William Douglas Winthrop Jr.

Bill, our beautiful son, brother, uncle, godfather and friend, closed his sweet eyes one last time, and holding his sister Julie’s hand, slept deeply and crossed over the threshold into Heaven.

A family member was with Bill every day he was at Lone Tree Convalescent Hospital.

As a little boy, Bill’s parents, William and Shirley Winthrop, called him “Working Bill,” because he was always busy. He sold flower seeds in the neighborhood to earn a camera. He was reading National Geographic Society magazine when he was 5 — he pronounced it “Geogropic Sockity,” but he knew what he was reading. He loved the photographs and wanted to take pictures.

He had a paper route and saved most of the money to buy his first car, a little gray Toyota. He sold enough new starts to the Antioch Ledger to win a trip to Disneyland. He played trombone in fourth through 12th grade and on into Diablo Valley College. He was in the gifted program.

He sang the lead in “Oliver” and a lead in “The Music Man.” He knew the lyrics from most of the songs from the ’70s. He loved going to concerts, especially at the Oakland Coliseum, and had a huge tape, CD and Rolling Stone magazine collection.

Bill was an altar boy, a lector and an usher at Immaculate Heart Church. He and his brother, David, served Mass on Christmas Eve, Easter, Good Friday and many, many Sundays.

He was a Boy Scout and a Y Indian Guide. Bill and his mother walked many miles every week on the Marsh Creek Trail, with other family members sometimes accompanying them. Yosemite was his favorite place for hiking and swimming – he and his family spent the first week after school at Yosemite every year until he was 18.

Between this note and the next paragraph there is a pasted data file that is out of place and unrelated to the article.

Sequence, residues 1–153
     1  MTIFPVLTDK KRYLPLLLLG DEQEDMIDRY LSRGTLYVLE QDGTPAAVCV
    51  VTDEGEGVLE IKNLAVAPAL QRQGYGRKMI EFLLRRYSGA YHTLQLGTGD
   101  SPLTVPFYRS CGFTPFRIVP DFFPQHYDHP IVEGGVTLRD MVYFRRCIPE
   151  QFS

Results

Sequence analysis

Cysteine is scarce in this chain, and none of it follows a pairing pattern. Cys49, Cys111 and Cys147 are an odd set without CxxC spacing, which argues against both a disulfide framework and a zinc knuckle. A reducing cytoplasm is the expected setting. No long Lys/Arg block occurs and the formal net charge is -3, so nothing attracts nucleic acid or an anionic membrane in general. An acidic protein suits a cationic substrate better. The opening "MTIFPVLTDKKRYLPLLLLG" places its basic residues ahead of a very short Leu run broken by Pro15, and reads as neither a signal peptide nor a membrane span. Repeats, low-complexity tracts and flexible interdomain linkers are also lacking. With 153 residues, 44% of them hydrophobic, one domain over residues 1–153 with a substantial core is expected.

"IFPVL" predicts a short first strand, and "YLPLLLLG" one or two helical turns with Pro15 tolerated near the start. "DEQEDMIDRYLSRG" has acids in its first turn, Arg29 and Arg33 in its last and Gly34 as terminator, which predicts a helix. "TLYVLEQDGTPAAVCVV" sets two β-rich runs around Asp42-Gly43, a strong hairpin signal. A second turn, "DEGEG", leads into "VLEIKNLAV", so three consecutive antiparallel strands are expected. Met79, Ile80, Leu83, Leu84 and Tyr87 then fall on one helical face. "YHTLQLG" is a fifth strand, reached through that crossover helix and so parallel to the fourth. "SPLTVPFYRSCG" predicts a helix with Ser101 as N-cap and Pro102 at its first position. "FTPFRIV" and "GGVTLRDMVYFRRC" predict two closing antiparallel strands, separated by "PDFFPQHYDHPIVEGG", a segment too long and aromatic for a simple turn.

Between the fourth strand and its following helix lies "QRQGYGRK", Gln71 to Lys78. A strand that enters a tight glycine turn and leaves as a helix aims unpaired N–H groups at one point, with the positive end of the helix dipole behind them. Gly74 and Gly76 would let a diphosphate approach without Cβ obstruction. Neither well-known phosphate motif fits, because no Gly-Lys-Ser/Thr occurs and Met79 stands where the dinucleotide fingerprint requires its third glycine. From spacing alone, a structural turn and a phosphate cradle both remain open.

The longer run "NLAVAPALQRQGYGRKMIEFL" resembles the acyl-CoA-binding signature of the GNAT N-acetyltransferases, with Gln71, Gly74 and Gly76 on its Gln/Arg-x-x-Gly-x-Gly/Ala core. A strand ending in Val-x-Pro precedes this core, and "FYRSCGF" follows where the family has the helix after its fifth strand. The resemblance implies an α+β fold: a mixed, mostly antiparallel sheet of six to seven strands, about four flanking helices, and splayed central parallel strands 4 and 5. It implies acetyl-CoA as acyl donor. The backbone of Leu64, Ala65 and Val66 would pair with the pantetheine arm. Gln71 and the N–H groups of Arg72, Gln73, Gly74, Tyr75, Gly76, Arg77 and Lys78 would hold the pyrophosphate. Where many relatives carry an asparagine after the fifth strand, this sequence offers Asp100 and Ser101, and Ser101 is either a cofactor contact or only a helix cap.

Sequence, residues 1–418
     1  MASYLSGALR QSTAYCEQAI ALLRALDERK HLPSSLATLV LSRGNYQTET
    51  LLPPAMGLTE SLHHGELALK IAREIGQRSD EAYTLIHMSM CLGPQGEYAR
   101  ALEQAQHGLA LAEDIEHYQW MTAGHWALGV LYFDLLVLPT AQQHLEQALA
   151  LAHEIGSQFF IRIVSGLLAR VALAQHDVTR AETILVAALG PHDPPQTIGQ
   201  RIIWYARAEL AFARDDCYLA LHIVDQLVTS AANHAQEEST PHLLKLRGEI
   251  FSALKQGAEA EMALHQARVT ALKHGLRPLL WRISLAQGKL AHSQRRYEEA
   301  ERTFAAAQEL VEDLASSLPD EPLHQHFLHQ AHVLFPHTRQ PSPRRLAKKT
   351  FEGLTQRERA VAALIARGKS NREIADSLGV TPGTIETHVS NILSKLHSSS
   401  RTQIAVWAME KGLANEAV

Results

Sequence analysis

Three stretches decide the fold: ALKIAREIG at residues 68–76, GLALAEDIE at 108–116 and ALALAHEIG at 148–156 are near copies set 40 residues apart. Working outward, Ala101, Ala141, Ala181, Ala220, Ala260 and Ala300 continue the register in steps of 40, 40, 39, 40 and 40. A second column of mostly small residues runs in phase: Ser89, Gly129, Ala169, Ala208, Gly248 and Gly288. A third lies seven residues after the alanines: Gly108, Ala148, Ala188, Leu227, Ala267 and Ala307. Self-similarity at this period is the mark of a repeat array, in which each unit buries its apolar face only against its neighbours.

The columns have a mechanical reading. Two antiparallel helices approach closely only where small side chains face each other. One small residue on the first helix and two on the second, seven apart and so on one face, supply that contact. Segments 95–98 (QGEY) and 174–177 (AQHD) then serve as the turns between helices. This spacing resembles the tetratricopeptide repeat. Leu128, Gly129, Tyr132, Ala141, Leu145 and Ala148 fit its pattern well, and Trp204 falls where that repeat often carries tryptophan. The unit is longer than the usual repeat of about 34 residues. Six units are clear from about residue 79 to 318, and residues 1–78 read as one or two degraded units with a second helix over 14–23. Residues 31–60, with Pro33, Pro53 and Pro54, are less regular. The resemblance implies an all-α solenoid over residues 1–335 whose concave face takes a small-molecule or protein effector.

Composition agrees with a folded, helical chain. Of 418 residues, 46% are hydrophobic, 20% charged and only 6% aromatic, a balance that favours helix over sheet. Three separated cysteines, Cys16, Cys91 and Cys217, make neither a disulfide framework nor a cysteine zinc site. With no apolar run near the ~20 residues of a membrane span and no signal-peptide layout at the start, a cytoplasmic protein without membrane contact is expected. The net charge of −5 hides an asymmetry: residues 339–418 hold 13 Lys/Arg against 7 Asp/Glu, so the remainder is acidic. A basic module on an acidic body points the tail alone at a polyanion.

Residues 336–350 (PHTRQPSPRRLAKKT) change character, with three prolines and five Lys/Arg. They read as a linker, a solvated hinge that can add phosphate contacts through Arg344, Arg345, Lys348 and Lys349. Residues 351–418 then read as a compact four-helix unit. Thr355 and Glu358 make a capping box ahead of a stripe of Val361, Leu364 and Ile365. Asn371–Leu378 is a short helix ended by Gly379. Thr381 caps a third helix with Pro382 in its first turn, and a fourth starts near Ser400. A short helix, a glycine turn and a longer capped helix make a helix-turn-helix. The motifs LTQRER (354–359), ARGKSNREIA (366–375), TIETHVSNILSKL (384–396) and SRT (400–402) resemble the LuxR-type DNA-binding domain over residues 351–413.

He loved summer vacations in Missouri with grandparents, aunts, uncles and cousins, fishing and swimming in Salt River at the Lillis farm and Uncle Danny’s farm.

He liked eating dinner at noon. Cards? It was hard to beat Bill. He knew which cards had been played and which cards were still in the deck! He enjoyed the grandchildren’s antics and stories.

Bill worked in the corn for the Stonebargers; at Best Buy in Pleasant Hill; for the school district in the summer, painting, repairing roofs, cleaning and more.

He traveled to Ireland, England, Mexico, Canada and many of the states. He and Aunt Bernadine had a hilarious moment on a bus in Ireland, one of many! Bill was a loyal friend and spoke often of his affection for Jerry, Ron, Adrian, Chris, Keith and Dennis.

Bill and Keith shared a love for Star Trek and Star Trek conventions.

Suddenly, out of the blue, in his late teens, Bill was struck by a terrible, debilitating disease: schizophrenia. People he had thought of as friends closed their doors in his face, told him to go home and never come back, even after he was on medication. They broke his heart, but he never had a bad word to say about them.

He said, “They didn’t mean to hurt me.”

They did, though, carelessly, cruelly, shamefully and needlessly.

Bill was an outgoing, funny, smart, interesting child. He had a beautiful soul. He was terribly lonely the rest of his life. Fortunately, he had a loving family, who stood by him for the rest of his life and who never let him forget how much he meant to us.

He leaves behind his broken hearted family who mourn him and the life he might have had.

Thank you, David, Jodie, Morgan, Paige and Jon, Mark, Julie, Sal, Joseph, Marisa, Wendy, Gladys, Bernadine, Dan, Sue, Joe, Jane, Tony and Vera. We also thank Walter Gorsky, Andrew Smith, Deborah Tyler and the Lone Tree Convalescent Hospital for the last few months and everyone who helped make Bill’s life a little happier.

A memorial mass will be held for Bill at IHM Church, Aug. 28 at 5 p.m.